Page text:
For more than a year, retired Marine Jim Kuiken spent his days sitting alone in a chair in his living room, barely able to function.
“I would get up out of the chair maybe twice a day to go get food,” the highly decorated former Marine Sergeant Major tells PEOPLE. “I would be in my PJs for days at a time. I didn’t interact with other people. I didn’t even interact with my family. I was in a real bad place.”
Like thousands of veterans, Kuiken has suffered silently for decades from PTSD, which slowly eroded away his life, preventing him from going out, keeping in touch with family and friends – or even talking to his wife, Celia, and their children.
Kuiken saw plenty of combat during his 30 years of military service in six war zones, including Iraq and Afghanistan. He was severely wounded several times; one explosion left him with a traumatic brain injury (TBI). He also sustained lung and heart damage, spinal injuries and hearing loss, among other health issues.
“I was in bad shape,” he says.
After retiring from the military in 2003 and later from his job at the Department of Homeland Security in 2009, his PTSD only got worse.
“It was progressive,” he says. “It really became noticeable after I returned home from the Gulf War in 1991. It got to the point where I couldn’t get up the energy to get out of my chair and go get food. Sometimes I would go a day here and there without eating.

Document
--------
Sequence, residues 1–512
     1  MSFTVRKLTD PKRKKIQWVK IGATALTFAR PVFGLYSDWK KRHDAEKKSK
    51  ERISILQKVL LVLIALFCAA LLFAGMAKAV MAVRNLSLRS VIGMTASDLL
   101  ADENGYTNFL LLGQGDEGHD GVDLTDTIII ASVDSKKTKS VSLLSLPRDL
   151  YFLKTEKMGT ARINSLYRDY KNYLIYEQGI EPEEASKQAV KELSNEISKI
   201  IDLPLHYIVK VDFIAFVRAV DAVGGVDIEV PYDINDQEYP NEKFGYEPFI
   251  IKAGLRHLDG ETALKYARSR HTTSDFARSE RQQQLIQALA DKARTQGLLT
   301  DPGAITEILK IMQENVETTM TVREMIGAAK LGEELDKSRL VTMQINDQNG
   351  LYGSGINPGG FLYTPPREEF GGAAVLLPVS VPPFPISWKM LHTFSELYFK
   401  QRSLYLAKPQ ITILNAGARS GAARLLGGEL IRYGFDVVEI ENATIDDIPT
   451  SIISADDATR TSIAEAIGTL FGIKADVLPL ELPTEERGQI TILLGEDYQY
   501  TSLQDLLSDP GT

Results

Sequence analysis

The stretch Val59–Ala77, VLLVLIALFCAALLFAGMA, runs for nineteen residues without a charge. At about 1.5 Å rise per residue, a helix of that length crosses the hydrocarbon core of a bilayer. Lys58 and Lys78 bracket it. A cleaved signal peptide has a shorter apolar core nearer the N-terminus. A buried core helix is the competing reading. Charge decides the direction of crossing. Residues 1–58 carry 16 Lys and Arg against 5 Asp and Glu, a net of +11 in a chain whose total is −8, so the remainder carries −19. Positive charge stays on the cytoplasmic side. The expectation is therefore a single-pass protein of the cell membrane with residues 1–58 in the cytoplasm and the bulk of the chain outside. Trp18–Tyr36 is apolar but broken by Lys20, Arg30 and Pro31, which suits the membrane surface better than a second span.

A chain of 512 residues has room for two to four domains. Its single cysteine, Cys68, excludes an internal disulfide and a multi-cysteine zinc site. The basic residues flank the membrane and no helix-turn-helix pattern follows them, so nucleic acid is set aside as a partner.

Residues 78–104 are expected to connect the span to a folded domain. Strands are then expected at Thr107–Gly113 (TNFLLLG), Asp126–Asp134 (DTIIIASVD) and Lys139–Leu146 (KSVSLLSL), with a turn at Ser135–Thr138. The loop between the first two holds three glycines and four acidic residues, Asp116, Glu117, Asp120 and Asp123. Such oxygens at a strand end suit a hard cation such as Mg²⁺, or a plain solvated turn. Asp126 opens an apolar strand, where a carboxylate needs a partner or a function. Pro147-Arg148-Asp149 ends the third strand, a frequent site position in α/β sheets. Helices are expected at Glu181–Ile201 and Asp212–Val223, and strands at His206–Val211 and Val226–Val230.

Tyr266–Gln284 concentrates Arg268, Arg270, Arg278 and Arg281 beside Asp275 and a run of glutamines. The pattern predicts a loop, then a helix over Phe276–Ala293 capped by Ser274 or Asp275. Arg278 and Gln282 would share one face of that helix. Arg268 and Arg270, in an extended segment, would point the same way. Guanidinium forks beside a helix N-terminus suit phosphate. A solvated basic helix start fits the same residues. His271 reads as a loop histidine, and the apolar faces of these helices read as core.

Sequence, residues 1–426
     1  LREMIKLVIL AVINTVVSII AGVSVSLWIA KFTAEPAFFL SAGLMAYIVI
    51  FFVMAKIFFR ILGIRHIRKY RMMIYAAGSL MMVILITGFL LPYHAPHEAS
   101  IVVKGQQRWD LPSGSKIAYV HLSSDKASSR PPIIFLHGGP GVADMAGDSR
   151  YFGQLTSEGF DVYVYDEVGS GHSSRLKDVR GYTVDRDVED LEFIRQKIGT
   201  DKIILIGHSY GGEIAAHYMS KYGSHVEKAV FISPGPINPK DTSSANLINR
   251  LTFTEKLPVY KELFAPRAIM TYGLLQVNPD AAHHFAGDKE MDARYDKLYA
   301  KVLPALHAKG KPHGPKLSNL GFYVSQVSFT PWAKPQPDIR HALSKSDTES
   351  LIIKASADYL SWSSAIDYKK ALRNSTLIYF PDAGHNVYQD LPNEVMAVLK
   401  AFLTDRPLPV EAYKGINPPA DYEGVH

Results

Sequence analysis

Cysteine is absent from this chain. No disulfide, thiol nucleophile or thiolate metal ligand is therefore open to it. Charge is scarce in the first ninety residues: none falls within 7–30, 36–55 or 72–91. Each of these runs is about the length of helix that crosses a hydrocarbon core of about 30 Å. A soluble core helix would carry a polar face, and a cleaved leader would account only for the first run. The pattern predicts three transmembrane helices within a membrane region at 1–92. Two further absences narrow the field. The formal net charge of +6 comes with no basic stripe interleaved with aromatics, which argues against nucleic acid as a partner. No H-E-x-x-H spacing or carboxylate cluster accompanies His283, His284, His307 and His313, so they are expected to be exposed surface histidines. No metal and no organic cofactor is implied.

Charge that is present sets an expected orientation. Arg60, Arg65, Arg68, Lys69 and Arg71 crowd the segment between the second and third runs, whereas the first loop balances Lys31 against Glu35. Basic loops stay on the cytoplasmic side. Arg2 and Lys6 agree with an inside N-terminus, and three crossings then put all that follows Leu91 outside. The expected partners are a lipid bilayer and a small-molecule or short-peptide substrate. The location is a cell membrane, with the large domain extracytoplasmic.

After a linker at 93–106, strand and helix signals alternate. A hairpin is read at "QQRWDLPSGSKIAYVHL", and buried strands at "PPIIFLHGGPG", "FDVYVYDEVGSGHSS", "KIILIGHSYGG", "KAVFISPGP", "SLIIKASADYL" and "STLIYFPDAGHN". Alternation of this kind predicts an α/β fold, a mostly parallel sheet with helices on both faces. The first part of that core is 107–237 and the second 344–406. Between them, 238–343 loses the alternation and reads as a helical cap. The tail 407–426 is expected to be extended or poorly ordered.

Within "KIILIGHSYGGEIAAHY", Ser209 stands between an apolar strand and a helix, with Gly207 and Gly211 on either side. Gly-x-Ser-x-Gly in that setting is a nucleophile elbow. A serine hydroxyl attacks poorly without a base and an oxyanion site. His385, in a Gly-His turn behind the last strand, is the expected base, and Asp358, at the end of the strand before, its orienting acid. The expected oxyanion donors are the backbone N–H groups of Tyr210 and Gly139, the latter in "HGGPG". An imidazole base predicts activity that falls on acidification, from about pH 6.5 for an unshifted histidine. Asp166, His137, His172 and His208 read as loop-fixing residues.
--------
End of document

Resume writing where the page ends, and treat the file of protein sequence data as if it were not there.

If someone called or came to the door, he says, he would fly into a rage. “I didn’t want anyone around me or coming at me. It was a hard downward spiral.”
Kuiken says he has suffered from PTSD since 1977, but like so many other veterans, he felt like he would be “weak” if he sought help, especially since he had been such a high-ranking military man.
“I had been the Sergeant Major of Marine Forces Pacific, the highest Combatant Command in the Marines, overseeing two thirds of the combat capabilities of the Marine Corps,” he says. “I had also been a president and CEO in the corporate world and a former candidate for United States Congress.”
“I knew I had posttraumatic stress,” he says. “But I felt like I was strong enough to manage it on my own. I thought that I didn’t need any coddling or help from anyone else.”
“The problem was, I was sinking further into the chair.”
When he was told that he had a serious case of PTSD, “I realized that I had been pretty much sitting in my chair the whole time since I retired.”
Tired of living in isolation, Kuiken started searching online last spring for a canine companion, thinking that might help him to overcome his PTSD.
One organization kept popping up: K9s for Warriors, which pairs specially trained service dogs, mostly rescue animals, with active-duty troops and post-9/11 veterans suffering from PTSD, helping them transition back to civilian life – at no cost to them.
The program has worked miracles for Kuiken, who applied to the program and began his training in January. “I have a service dog now, which is very different than a companion dog,” he says. “He has significantly changed my life,” he adds.
Freedom for Kuiken